FBI found violent, antisemitic leanings in background of Florida man who helped plan California Planned Parenthood firebombing

A Florida man who helped a U.S. Marine and another man from Orange County build a Molotov cocktail they used to firebomb a Planned Parenthood in Costa Mesa two years ago was obsessed with violence and previously had threatened to commit mass shootings, court documents show.

Xavier Batten, 21, of Spring Hill, Florida, pleaded guilty in January to one count each of possessing an explosive device, a felony, and intentionally damaging an abortion provider, a misdemeanor.

Judge Cormac J. Carney sentenced Batten on Monday, May 13 to three years and five months in federal prison. Carney also ordered Batten to serve three years of probation and pay a $1,000 fine.

Batten was not present for the March 22, 2022 firebombing. But through text messages, he advised his two co-defendants — Chance Brannon, 24, of San Juan Capistrano, who was serving in the Marine Corps at Camp Pendleton, and Tibet Ergul, 22, of Irvine — how to construct the incendiary device.

In Monday’s hearing, Carney called Batten’s involvement in the firebombing a “cowardly crime,” according to the U.S. Department of Justice. Carney said Batten had shown “no empathy for women and their rights” through his desire to attack the clinic.

In a sentencing memorandum, federal prosecutors painted Batten as having watched Brannon and Ergul closely as they carried out the firebombing, essentially looking over their shoulders as they fashioned the Molotov cocktail out of a jar, gasoline, a rag and other items.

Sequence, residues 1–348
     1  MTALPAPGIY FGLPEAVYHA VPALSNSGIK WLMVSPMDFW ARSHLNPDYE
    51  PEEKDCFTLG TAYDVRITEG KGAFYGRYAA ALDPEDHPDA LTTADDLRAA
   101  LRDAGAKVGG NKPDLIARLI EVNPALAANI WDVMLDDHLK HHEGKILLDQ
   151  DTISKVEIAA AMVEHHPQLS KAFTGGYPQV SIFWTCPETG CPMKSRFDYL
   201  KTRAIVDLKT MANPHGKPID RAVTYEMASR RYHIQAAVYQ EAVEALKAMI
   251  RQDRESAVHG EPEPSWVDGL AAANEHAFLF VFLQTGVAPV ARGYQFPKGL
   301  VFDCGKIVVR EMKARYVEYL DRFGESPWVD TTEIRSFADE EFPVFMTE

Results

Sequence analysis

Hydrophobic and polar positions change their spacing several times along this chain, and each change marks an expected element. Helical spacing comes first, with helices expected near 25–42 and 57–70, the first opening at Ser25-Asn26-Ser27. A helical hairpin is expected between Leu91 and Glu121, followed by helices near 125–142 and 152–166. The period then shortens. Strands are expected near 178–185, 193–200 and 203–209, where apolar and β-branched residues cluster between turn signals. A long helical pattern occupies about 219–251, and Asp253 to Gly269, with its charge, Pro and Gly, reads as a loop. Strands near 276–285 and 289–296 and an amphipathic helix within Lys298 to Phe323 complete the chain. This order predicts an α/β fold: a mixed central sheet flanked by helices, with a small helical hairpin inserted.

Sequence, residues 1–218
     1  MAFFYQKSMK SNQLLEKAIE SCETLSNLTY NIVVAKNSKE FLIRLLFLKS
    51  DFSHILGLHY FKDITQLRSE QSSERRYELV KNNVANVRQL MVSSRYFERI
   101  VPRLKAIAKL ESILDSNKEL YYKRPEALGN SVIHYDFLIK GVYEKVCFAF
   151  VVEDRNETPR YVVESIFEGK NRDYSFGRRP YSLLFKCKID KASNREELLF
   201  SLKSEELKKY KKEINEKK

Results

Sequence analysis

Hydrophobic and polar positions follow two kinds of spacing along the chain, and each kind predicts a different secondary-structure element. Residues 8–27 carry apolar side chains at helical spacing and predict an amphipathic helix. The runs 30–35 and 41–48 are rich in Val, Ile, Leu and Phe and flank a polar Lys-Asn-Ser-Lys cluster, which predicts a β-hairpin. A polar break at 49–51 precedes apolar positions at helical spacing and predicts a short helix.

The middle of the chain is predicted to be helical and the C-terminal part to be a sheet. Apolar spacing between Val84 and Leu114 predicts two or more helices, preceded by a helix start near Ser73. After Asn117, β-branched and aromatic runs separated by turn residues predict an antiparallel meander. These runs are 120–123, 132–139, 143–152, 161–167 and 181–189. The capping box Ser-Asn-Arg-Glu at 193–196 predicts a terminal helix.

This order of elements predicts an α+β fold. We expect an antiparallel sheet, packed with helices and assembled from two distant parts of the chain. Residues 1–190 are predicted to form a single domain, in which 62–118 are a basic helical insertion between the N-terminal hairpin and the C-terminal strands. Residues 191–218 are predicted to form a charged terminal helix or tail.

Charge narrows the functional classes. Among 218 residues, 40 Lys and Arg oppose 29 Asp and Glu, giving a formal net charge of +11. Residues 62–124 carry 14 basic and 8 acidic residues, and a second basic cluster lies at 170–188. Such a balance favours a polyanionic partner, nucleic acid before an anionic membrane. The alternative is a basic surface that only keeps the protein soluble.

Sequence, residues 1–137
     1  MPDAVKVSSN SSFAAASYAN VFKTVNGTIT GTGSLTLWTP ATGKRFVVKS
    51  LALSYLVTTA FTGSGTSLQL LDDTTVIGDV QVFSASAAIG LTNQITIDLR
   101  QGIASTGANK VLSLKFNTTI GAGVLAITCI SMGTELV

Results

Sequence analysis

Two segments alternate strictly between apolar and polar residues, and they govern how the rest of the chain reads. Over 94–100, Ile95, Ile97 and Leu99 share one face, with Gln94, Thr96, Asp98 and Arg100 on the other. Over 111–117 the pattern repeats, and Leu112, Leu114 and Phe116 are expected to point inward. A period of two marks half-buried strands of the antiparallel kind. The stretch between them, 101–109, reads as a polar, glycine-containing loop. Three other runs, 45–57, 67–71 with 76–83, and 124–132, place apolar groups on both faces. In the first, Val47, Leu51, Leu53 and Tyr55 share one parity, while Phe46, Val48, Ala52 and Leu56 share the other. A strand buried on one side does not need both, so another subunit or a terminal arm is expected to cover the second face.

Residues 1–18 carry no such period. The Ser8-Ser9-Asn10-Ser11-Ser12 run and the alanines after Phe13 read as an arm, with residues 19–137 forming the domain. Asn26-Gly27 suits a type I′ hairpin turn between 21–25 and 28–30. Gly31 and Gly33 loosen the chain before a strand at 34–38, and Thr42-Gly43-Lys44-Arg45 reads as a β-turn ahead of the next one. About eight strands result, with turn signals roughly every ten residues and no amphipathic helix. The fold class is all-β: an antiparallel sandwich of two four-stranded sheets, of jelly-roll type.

Hours before they carried out the attack, Batten was telling the pair about what other ingredients to place inside the jar filled to make it more effective.

“How much Styrofoam,” Brannon asked Batten in a text message.

“You don’t need an exact measurement just ensure you have at least a few inches,” Batten replied “You can also just do as much as it will dissolve. The point is adhesion.”

“God bless,” Brannon replied. “Pray for our success.”

“I will right now,” Batten said.

That night, Brannon and Ergul sent Batten photos of the attack, reporting to him about their success. The firebombing took place pre-dawn, with no one was inside the facility at the time. But later that morning, employees who arrived smelled gasoline and saw scorch marks around the front entrance.

That same day, prosecutors wrote, Batten went back to searching online for more ways to commit violence. He searched for topics like “how to make an IED” and “how to make a pressure activated mine.”

Over the next two months, Batten would delve into even darker subjects. He looked up information on neo-Nazi and racist ideology, typing in phrases like ““catholic kkk,” “kkk allies,” and “happy birthday hitler.”